Deficits and Debt

Beginning in the 1980s, I became sensitized to the politics of national debt and deficits.  By sensitized, I only mean that I pay attention to the issues although never really coming close to a clear understanding of what to do about it.   The nature of the problem changed over the time and of course my understanding changed over time.

I found some logic in the idea that collective debt itself is not inherently bad.  For instance, at the local level the periodic referendums to issue municipal debt to fund various projects makes sense.  The debt is paid in the future during the time we will enjoy the completed projects.  The difficulty of extrapolating that vision to the state and national level is that I have virtually no understanding of the specific projects to know what the future benefits would be and whether the investment overall made sense.  I deferred to those who made the decisions that the debt was invested in some kind of benefit at the time the service of the debt has to be paid.  That benefit may be a direct improvement or it may be the avoidance of something that would cause pain.   The logic is that the expense of servicing the debt is balanced by continued benefits derived from that investment.

I found some logic that the economy has its ups and downs.  The revenue sometimes comes in short, and other times it catches up.  Also some expenses are unpredictable.  Again at the local level, an uncommonly cold and snowy winter has resulted in more expenses than usual for snow plows, salt, and pothole repair.  Although I am aware of similar examples at state and national level, I am sure I know not even a significant fraction of these effects.  I defer to the government to be managing these expenses well.  However, in contrast to the above return-on-investment concept, I would expect this type of debt to not grow over the long time periods.  There should be periods of lower costs or higher revenues to make up for the periods where debt was needed.  Although I have some doubts, I’ll grant the benefit of doubt to the prospect that this type of debt is managed competently.

I have found some logic that there are national emergencies that require unusual expenses or losses of revenue that have to be acted so quickly there is not enough time to carefully consider the best investment.  I accepted that the financial crisis of 2008 to be that kind of crisis.  No matter what the cause was, I agreed with the basic premise for the necessity of the action at that time.   I accepted the policy at the time even with the recognize of a high risk that that money will never be returned from that sector.  I guess the possible return is that things would be a lot worse right now if that did not happen, but there is no way to know.  Unlike the first case of investments, this kind of action is done rapidly without careful planning and analysis.  I admit this is a little irrational: the urgency of the situation doesn’t automatically result in a wise choice.  However, I know that I can be scared into making irrational choices.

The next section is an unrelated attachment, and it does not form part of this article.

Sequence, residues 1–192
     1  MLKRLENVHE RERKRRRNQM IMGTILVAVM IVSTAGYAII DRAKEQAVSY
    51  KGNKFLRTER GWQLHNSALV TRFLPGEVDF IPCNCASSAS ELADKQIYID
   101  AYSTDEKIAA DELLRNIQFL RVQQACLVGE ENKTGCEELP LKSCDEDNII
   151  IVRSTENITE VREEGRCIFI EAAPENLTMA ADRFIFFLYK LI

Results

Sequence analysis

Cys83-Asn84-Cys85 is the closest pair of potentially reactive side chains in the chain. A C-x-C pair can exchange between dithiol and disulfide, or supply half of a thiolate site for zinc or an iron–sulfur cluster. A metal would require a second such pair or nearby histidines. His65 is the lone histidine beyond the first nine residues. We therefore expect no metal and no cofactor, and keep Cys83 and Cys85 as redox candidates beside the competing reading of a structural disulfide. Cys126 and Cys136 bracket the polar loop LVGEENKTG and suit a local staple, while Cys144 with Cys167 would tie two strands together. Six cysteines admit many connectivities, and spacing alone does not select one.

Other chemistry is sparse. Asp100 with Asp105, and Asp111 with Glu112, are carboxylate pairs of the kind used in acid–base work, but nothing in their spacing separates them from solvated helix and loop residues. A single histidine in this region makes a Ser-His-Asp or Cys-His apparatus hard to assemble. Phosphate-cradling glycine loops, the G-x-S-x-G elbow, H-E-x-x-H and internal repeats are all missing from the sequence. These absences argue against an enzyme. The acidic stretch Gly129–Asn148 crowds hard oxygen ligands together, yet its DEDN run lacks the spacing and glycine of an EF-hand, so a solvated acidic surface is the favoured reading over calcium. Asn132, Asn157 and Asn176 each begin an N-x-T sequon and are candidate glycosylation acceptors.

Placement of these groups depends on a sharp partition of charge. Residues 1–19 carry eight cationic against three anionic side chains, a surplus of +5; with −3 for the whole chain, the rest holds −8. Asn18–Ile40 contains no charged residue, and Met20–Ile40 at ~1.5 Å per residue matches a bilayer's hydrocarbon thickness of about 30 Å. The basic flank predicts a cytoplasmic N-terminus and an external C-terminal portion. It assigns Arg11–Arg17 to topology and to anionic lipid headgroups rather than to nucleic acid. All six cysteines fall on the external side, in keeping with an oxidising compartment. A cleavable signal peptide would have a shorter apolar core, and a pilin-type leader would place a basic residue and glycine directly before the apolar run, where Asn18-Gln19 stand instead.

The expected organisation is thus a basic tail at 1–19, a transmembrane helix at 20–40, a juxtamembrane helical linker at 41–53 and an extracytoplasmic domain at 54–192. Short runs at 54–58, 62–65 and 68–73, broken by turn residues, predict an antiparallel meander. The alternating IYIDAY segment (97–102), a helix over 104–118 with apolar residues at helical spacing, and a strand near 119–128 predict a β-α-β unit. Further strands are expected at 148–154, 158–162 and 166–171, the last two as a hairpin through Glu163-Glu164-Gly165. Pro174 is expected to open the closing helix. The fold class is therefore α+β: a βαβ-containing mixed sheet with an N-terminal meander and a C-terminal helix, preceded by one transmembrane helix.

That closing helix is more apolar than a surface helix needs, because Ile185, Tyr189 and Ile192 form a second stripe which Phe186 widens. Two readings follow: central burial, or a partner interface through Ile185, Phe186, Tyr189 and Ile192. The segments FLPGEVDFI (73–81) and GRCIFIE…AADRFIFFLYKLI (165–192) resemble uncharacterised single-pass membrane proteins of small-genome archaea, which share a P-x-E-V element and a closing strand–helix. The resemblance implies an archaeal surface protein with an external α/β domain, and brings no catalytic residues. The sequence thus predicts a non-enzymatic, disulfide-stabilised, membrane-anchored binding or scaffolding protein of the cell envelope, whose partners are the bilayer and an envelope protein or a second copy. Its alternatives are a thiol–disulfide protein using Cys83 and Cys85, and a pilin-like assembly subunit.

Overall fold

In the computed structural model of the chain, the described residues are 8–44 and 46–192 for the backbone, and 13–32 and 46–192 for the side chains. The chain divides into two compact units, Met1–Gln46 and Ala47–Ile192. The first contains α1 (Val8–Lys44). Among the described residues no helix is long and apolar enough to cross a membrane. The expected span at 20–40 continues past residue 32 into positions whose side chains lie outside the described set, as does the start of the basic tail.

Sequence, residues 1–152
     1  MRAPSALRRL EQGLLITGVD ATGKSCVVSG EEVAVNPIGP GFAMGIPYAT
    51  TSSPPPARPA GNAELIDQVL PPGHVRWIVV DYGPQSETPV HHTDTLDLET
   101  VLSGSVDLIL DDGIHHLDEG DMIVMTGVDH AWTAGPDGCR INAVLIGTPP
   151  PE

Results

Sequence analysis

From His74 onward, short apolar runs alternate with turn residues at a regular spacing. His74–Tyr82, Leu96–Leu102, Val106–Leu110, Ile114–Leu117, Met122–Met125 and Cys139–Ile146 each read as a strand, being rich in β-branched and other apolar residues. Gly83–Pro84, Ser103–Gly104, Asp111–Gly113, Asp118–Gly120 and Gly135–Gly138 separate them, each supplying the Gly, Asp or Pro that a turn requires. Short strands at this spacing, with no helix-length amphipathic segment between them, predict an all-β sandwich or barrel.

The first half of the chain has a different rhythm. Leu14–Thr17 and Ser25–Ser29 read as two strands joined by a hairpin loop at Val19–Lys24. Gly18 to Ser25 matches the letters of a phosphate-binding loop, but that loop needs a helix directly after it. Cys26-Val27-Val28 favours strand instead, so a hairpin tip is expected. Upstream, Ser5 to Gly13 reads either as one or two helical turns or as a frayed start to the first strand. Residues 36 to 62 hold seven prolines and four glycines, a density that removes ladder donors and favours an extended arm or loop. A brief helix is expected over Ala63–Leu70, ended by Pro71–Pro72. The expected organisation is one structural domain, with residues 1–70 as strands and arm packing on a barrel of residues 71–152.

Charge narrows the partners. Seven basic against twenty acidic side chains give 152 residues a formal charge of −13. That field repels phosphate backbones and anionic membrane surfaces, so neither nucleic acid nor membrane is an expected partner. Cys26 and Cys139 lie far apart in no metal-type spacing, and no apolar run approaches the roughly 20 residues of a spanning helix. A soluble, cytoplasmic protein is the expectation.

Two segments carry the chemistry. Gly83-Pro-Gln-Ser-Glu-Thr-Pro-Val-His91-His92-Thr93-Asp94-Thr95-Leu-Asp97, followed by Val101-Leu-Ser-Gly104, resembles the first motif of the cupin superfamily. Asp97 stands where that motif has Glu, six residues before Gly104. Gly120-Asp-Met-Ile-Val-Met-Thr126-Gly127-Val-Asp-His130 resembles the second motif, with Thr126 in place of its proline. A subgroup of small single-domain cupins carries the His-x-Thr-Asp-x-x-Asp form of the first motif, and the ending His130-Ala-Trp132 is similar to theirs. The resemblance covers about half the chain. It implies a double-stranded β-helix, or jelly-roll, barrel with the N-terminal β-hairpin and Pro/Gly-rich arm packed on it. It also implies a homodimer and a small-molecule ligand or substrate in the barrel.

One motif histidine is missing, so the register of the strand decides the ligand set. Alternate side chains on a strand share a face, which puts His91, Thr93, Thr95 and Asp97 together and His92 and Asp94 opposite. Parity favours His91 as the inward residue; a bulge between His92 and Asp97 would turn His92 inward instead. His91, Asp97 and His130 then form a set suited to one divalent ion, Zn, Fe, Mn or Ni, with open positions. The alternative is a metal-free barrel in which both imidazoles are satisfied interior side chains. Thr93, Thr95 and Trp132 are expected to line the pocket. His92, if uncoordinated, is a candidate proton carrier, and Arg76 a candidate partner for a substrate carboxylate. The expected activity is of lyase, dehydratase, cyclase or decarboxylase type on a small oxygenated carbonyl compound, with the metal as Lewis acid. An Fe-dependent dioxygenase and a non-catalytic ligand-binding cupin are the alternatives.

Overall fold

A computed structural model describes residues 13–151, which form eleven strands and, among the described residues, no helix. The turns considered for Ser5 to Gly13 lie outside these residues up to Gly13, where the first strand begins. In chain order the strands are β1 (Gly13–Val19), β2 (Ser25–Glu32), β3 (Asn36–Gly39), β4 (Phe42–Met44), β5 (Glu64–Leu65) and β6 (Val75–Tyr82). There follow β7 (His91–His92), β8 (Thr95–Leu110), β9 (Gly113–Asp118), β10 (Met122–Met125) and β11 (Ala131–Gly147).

What I have a problem with is the past several years where we have unexplained high deficits.  It seems both sides of the debate agree that the deficits are too high but because they can’t agree on how to cut it they agree to keep the wrong answer of too high of deficits.  I just have a hard time seeing this as responsible government.  How can we say that the deficits are too high and yet at the end of the year commit to a new year with unacceptably high deficits?  It seems the government’s answer is to stop sounding the alarm: the growth in national debt that alarmed us a couple years ago is no longer alarming.  Also, now it is OK to grow the debt so that a deficit is passed with no meaningful increase in revenue or cut in cost.  It is now OK to extend debt limit without any constraint for another year.  The best we can do is keep doing what was once widely agreed to be the wrong thing to do.

I know there are arguments that the debt is not alarming, that it can go much larger.  But those arguments make an assumption that our country’s future is bright.  We assume that our country will retain our relative economic might with respect to other economies.  More than that, we assume our economy will not only grow but grow much faster than it has in the past few years.  There is scenarios where this can happen.  However, I don’t see this happening.  I’m optimistic in the sense that the rest of the world’s economies will become wealthier but this will reduce our relative strength in all areas of our economy.  I also see that the big burst in benefits from technical advances of the past century are behind us.  We still travel by sub-sonic jetliners that were flying 50 years ago.  We still have no idea how to harness fusion energy for power plants.  All of the easy stuff has been exploited already.  There may be amazing advances in the future but they will not deliver the economic benefits we saw in the past.

My optimistic scenario is that overall, economically it is going to remain the same as it is now.  It may contract a little, not a whole lot, maybe back to the levels of the 1990s.  I am also comfortable with this scenario as it assumes growth in economies of other nations even while ours stagnates.   But with this scenario, I have a hard time supporting further avoidance of reducing the deficits.  I prefer revenue surpluses to pay down the debt to the level matches the scenario that our economy is not going to get better.  

The glorious days of rapid growth are behind us.


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